We spent the weekend camping in Pigeon Forge, but didn’t have to navigate the bumper-to-bumper mess — not on Friday morning, when HWTFM and I towed the camper up to look for a spot (Reservations? Who plans that far in advance??), nor on Friday evening when we returned to pick up the kids after school.  We were foolish enough to venture out onto the Parkway once on Saturday, but opted for the bypass around Gatlinburg, negotiating only minor traffic headaches into the park.

Clingman’s Dome proved to be the ideal picnic spot for Saturday afternoon; it was raining in some places and sunny in others, but perched atop the state line we were above the weather — and the heat.

On Sunday, we stopped by Toobin ‘n Groovin to rent rafting tubes for the day, and spent the day on the river.  Dog didn’t get a tube, but is quite the competent swimmer and proved more than able to keep up.  At one point, he swam across a deep stretch pulling three tubes — HTWFM and the two youngest daughters.

For about $35, it was a full day’s fun.  By evening, we all slept exceptionally well.  It was a tough call to not drive back into Knoxville for Boomsday, but we ended up settling for watching it on TV.

So, the secret:  it’s possible to get from Chapman Highway into the heart of Pigeon Forge without ever once venturing into the traffic snarls of Sevierville or Pigeon Forge.  Yup, that sweet little back road took us right to the doorstep of our campground!  Another branch of back roads leads to Wears Valley — beyond the congestion which peaks from Kroger back to the Parkway — whereupon there’s yet another back entrance into the Great Smoky Mountains National Park.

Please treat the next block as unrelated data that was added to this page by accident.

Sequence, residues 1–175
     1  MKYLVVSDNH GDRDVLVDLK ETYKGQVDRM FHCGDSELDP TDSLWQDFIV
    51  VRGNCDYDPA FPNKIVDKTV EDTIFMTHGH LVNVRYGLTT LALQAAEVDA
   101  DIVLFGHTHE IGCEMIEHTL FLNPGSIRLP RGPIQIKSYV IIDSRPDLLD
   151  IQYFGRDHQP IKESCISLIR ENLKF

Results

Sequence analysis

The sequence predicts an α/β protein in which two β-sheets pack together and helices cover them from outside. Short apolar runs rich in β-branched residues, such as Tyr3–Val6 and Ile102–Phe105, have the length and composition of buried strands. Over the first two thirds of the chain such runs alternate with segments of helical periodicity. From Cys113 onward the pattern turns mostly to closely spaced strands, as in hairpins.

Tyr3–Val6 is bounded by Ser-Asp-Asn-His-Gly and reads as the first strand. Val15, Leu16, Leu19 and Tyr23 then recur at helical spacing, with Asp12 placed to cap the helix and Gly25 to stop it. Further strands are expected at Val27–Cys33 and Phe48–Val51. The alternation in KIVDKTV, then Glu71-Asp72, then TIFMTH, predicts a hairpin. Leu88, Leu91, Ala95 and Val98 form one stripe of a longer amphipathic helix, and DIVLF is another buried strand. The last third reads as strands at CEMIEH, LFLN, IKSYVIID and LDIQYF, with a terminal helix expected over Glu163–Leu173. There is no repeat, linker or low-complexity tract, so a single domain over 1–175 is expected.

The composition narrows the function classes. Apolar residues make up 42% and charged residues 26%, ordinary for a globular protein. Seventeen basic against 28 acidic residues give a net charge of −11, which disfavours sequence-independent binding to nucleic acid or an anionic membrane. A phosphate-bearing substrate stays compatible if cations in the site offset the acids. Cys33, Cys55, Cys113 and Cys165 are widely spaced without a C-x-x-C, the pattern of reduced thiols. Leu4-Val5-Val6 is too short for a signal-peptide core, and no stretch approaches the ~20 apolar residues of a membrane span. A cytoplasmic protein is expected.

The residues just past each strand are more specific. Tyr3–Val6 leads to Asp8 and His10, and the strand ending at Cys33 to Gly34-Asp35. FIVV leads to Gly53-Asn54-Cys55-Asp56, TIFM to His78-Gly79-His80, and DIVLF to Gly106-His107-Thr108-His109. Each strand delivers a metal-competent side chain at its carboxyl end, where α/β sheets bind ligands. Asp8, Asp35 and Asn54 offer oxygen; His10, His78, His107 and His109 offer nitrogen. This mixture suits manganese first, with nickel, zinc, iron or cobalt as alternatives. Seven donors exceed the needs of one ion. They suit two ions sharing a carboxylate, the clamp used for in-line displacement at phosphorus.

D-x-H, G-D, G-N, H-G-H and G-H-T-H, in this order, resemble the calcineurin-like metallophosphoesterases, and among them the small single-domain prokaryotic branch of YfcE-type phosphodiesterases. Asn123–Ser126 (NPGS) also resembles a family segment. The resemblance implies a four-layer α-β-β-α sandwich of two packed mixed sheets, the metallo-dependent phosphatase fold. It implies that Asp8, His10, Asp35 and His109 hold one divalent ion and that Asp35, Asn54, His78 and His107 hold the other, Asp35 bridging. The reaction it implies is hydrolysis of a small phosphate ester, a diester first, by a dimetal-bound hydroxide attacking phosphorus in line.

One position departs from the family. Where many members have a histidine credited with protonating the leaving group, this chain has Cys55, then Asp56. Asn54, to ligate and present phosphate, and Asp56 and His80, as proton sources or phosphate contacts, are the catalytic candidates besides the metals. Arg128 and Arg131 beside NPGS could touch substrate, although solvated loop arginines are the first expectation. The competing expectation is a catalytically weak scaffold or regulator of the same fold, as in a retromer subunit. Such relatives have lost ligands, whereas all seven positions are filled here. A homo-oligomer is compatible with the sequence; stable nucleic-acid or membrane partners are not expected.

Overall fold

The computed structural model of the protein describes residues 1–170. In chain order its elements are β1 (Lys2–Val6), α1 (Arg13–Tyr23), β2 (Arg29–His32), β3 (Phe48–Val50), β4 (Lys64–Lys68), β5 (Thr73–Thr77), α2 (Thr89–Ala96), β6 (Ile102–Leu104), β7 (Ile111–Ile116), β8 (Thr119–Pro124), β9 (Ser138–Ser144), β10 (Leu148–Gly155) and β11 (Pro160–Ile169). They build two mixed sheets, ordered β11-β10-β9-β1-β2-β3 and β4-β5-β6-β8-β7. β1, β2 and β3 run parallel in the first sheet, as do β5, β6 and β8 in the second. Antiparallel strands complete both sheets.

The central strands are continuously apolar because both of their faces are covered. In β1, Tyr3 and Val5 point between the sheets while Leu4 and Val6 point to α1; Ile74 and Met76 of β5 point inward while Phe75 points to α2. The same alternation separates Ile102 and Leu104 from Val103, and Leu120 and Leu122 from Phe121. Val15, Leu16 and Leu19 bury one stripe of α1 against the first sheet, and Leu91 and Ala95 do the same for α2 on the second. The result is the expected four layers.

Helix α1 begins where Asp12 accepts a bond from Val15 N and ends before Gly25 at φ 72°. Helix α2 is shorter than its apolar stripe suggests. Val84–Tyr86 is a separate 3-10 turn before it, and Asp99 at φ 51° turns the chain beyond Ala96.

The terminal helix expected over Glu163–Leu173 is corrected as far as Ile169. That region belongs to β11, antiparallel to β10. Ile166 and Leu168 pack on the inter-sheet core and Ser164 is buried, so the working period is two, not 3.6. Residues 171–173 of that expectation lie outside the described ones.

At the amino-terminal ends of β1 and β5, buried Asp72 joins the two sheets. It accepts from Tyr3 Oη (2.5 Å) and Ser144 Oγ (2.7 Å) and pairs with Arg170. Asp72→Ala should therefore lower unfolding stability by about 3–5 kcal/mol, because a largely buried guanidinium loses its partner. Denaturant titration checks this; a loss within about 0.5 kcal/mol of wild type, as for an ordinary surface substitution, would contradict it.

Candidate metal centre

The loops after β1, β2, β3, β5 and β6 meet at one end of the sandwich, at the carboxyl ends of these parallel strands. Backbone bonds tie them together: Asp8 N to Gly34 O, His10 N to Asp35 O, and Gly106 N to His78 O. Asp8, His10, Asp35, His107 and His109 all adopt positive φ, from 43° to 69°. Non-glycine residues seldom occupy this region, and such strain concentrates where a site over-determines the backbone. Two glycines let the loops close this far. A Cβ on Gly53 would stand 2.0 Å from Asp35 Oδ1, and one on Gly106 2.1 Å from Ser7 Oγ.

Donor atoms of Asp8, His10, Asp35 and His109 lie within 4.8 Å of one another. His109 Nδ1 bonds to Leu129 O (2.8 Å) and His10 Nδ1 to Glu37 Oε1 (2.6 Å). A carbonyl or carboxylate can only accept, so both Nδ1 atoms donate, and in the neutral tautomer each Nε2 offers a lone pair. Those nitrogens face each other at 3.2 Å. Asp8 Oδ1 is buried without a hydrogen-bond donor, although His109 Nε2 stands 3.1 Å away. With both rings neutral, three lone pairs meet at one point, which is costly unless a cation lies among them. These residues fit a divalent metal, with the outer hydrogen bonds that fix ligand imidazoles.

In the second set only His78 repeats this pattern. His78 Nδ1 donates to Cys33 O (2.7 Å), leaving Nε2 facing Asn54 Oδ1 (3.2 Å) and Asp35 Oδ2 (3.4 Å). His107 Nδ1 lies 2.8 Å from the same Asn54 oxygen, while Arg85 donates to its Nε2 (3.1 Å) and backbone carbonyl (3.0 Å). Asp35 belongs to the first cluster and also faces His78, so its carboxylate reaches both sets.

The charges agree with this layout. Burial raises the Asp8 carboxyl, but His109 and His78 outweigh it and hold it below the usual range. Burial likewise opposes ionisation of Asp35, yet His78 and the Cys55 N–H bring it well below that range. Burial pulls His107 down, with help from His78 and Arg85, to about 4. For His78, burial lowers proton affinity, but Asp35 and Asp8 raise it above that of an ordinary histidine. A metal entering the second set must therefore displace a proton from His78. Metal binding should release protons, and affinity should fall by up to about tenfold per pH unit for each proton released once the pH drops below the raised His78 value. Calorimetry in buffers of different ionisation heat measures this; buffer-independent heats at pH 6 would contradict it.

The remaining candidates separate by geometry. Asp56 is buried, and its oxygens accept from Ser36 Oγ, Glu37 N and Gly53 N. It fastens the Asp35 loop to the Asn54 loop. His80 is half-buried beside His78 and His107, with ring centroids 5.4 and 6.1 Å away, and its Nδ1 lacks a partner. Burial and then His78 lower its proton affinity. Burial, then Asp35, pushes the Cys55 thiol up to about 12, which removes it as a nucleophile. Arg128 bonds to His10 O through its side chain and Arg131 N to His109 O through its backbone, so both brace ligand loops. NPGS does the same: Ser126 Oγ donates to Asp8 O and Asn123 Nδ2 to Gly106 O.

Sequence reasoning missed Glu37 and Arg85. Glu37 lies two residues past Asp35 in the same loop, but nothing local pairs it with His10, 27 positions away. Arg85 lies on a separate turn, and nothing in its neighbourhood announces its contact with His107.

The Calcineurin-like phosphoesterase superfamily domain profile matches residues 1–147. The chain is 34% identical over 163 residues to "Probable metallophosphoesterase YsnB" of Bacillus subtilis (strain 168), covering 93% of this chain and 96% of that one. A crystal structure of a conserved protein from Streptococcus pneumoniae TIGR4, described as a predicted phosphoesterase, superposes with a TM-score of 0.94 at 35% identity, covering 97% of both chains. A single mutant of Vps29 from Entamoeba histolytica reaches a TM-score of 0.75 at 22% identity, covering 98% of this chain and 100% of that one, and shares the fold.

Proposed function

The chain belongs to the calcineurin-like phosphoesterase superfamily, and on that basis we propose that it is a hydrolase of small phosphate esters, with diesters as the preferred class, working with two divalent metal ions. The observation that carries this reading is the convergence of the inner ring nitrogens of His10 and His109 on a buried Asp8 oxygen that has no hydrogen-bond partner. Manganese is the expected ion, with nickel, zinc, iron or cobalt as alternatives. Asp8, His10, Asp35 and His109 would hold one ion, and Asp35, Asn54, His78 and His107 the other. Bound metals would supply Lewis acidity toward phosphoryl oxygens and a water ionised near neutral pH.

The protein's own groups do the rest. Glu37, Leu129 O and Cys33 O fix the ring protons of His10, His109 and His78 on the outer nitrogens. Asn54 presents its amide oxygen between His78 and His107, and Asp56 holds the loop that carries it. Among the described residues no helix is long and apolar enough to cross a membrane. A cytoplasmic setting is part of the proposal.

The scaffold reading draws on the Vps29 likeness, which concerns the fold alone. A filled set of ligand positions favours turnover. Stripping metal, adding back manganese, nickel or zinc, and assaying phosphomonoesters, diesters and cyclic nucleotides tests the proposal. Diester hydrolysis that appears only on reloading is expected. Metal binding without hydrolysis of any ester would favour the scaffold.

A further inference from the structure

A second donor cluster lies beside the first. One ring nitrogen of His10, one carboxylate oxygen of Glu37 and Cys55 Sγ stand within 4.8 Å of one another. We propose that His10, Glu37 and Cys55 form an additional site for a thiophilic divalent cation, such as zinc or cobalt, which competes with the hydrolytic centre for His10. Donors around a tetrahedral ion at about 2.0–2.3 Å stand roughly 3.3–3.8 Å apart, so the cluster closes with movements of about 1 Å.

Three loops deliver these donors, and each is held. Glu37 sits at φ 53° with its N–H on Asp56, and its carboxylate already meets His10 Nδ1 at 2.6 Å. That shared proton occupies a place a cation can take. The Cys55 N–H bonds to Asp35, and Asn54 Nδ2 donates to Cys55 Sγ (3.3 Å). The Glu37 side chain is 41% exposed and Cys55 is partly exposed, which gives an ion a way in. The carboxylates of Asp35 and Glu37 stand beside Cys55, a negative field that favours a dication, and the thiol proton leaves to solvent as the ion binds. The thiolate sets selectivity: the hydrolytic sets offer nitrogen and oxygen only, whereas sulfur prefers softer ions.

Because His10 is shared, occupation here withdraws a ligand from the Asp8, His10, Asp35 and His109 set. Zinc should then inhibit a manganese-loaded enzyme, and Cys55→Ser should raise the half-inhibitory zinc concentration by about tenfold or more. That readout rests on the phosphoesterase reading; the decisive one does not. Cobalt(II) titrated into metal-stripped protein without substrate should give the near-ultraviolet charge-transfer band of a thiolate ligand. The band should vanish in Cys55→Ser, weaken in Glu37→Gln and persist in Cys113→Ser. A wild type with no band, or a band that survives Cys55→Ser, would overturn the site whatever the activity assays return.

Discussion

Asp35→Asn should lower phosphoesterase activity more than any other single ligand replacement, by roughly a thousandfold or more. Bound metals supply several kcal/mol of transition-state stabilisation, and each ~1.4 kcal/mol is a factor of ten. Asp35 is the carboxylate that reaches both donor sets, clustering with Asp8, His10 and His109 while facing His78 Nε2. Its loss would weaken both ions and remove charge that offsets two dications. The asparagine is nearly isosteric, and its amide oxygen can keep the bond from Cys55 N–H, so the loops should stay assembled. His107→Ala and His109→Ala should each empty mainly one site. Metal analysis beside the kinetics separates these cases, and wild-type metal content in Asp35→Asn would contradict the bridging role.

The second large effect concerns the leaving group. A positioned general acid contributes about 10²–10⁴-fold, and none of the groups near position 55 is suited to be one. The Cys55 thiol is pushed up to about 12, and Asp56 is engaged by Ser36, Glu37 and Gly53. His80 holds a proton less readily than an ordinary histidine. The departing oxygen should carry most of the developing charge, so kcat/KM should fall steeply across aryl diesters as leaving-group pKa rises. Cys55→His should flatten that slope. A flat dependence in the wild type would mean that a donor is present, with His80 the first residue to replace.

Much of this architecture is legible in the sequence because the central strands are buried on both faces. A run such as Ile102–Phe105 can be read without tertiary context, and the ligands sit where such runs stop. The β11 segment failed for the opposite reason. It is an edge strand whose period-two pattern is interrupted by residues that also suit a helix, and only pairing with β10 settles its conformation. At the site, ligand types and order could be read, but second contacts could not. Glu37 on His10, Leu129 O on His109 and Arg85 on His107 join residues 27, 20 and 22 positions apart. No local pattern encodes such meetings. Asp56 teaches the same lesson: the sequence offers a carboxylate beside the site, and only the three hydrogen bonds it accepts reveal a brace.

Since I carefully recorded all the road names and landmarks, I could post the directions or even a map, but I still remember what happened to my shortcut of old once Randall’s book came out.  So I won’t post it here or anywhere else. However, if anyone’s interested in making the trek with us on another fine Fall weekend, I’ll be glad to share with a select few, provided that you’re sworn to secrecy and will never, ever publish the directions or map.

We navigated Pigeon Forge and the Smokies over Labor Day weekend without the traffic.  How much sweeter can it get?

Keeping Cool

Gamma and Delta enjoyed keeping their cool in the Little River. Dog found it relaxing, too.